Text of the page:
And it’s not just about knowing digital assets – it’s about knowing about them. A recent study by the Angus Read Forum commissioned by Willful showed that consumers under 35 are less likely to have shared account access with loved ones (19% of 35 people have shared account information, over 55 Compared with 32% with people.) Is. It makes sense, the younger you are, the less likely you are to think of passing on the property after you die. But if something happens, this tech-savvy young demographic can leave their family.
So what can consumers do to ensure the security of their digital assets? First, consider using a password manager such as 1Password – which can store all your account information, logins, digital assets from personal assets and any other important information – and share the master access password with your executor Can do or store at will.
While it can ensure easy access to your accounts in an emergency, Lee Posenzer, the founder of Direction Communication Systems, says it can also put your family or executors at risk, indicating that in many cases, the website And app owners explicitly prohibit password sharing. In some jurisdictions their terms of service, and privacy laws, prohibit impersonation of account holders (in the US, which is covered by the Stored Communications and Electronic Communications Privacy Act) . Not to mention, accounts require fast two-factor authentication, which may not be easy to confirm that the executors do not have access to the person’s smartphone.
The platform of Directive Communication Systems helps manage the transfer of digital assets upon death, and Poscenzer says they do not collect passwords for this reason. Instead, they work with the property to provide content providers (Google, social media platforms, etc.) with the necessary documentation, which may include a death certificate, obituary, ID, or other documents. Upon meeting the requirements that change by company, content providers provide a data dump of the contents of an account from which they are available via the cloud.
Second, consider using a digital wallet or exchange to store your digital assets – if your family has access to it, it may also include access to your private key, depending on the features of the wallet, Or the exchange may have a death-management process. .
For example, Coinbase clearly outlines what an executor or family member can do to retrieve digital assets in case of death of the account holder. As a backup, you can store your private key on a physical piece of paper and make sure that it is stored in a secure deposit box, fireproof safe or other secure location where your executor will be near you. To reach the situation.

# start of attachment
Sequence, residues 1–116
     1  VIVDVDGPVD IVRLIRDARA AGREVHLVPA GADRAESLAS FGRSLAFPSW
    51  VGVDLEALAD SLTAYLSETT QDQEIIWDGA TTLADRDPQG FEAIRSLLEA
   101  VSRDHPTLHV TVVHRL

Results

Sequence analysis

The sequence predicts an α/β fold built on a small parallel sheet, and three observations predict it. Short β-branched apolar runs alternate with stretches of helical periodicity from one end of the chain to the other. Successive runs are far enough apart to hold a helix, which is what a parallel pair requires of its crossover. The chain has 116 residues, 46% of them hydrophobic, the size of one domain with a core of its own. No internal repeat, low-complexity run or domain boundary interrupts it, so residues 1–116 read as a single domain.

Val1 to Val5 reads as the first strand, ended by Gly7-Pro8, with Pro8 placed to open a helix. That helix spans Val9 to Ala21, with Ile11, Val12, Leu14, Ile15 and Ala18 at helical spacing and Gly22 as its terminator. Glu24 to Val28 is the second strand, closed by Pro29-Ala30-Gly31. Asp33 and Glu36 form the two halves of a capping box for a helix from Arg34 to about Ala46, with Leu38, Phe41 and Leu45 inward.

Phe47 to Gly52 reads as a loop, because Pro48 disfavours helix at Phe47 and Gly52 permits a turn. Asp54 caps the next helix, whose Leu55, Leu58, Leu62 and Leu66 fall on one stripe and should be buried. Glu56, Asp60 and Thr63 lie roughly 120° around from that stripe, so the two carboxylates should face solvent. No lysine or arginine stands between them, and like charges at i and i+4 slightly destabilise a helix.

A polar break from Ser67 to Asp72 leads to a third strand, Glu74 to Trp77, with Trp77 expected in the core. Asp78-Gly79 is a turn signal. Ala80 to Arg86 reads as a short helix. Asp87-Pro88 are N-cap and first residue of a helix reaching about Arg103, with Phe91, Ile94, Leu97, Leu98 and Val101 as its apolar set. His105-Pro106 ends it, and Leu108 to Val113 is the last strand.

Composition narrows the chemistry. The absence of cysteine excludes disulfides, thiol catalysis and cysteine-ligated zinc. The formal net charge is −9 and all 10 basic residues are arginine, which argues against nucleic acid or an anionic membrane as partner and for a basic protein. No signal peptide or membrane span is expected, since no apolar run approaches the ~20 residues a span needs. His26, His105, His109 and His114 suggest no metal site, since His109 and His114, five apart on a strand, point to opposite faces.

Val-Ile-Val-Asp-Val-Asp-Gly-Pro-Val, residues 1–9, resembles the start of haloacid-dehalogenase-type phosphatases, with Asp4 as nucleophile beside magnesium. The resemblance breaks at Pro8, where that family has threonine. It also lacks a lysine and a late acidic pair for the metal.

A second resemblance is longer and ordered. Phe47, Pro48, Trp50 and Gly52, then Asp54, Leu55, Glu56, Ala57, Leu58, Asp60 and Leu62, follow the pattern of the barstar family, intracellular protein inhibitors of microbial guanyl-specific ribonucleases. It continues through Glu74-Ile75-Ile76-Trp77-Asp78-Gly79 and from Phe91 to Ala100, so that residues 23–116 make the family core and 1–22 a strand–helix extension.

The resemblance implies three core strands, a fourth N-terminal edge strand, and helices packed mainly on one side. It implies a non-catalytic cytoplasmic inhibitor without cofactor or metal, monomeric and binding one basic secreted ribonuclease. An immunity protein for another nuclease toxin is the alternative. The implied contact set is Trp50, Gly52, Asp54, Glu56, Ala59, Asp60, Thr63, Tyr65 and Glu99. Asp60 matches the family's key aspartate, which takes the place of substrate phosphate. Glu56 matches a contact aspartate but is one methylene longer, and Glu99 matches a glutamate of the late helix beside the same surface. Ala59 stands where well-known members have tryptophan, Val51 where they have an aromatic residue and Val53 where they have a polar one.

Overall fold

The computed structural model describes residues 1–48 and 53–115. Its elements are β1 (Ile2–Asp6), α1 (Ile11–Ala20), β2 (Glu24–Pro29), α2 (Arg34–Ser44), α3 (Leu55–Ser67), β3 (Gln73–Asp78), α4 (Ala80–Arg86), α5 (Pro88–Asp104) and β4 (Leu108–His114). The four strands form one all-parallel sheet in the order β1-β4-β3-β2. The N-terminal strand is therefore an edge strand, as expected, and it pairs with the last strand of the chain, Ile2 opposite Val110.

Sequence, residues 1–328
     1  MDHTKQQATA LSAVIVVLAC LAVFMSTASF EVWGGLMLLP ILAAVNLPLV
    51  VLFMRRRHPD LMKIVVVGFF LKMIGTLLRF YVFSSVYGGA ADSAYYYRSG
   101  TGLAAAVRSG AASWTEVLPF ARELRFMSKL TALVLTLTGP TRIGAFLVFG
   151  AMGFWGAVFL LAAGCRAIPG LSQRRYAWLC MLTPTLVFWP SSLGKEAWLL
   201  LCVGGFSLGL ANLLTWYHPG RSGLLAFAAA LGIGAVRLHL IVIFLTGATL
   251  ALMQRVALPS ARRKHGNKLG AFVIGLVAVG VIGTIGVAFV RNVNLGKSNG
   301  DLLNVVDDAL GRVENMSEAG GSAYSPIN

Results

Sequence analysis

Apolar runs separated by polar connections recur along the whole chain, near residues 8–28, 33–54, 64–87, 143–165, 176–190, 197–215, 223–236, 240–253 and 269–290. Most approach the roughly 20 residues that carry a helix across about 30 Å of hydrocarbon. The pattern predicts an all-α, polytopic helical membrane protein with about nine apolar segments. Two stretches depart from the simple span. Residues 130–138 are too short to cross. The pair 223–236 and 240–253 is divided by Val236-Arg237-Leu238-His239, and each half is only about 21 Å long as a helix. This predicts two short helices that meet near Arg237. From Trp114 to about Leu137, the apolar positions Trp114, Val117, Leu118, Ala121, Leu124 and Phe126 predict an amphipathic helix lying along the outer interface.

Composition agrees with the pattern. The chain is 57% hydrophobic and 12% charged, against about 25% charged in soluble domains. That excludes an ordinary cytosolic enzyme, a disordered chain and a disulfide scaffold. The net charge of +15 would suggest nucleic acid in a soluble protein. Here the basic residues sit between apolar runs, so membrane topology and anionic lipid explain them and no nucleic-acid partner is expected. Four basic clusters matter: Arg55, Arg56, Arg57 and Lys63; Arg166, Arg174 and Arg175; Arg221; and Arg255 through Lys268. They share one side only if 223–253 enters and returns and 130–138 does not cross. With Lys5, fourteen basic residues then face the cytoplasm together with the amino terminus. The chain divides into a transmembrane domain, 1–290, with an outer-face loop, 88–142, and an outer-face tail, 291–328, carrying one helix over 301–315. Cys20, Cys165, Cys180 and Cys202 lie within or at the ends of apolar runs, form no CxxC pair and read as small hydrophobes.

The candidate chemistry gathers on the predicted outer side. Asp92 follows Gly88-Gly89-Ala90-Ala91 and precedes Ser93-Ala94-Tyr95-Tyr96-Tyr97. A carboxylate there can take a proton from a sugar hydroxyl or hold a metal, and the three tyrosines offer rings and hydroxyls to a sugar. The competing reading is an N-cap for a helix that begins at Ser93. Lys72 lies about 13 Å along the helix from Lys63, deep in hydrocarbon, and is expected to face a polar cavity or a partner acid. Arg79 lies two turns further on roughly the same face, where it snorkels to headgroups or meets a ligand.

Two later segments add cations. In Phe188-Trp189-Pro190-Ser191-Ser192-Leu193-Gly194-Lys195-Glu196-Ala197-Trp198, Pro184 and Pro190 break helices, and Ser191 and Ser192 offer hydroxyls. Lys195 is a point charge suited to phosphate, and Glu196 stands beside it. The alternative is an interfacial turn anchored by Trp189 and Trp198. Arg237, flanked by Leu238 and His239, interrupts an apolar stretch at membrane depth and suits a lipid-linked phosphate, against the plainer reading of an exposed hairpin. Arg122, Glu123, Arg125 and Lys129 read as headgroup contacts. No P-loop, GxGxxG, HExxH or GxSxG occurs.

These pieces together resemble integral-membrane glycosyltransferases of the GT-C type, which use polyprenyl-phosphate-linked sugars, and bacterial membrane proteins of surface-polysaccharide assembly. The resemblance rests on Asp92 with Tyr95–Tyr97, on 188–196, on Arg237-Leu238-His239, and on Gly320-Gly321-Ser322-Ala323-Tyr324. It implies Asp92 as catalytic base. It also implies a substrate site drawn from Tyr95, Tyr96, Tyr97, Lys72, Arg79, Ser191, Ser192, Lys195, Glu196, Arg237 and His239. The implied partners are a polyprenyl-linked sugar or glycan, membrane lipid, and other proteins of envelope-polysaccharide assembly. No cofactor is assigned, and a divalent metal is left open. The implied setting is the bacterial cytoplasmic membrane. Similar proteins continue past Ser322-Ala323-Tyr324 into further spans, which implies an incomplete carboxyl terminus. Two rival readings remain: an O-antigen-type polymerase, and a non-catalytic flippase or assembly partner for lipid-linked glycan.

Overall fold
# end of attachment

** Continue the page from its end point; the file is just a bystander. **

Third, create an up-to-date list of your assets that your executor and / or key family members have access to – this should include physical and digital assets, and should be reviewed and either annually or when you own one. Acquire new assets or change financial institutions. Finally, create a will that clearly outlines how you want to distribute your assets and provides specific instructions on how you want to distribute digital assets.
Not only is it a best practice to protect your property in any way and for minor children to play an important role like guardians, it will also be necessary to release any account content (for example, to Coinbase A copy of the will is required as part of its procedure for releasing funds for an asset).
As we go through this major money transfer between generations, it is likely that banks, fintechs, crypto exchanges, social media platforms, and other content providers will create clear death-management processes that allow people to know about digital assets before they die. Make it easy to alert and provide easy access instructions. But until this happens, following these steps means that you can be sure to let your assets go to the people or organizations you want – and that they won’t be stuck in digital purgatory.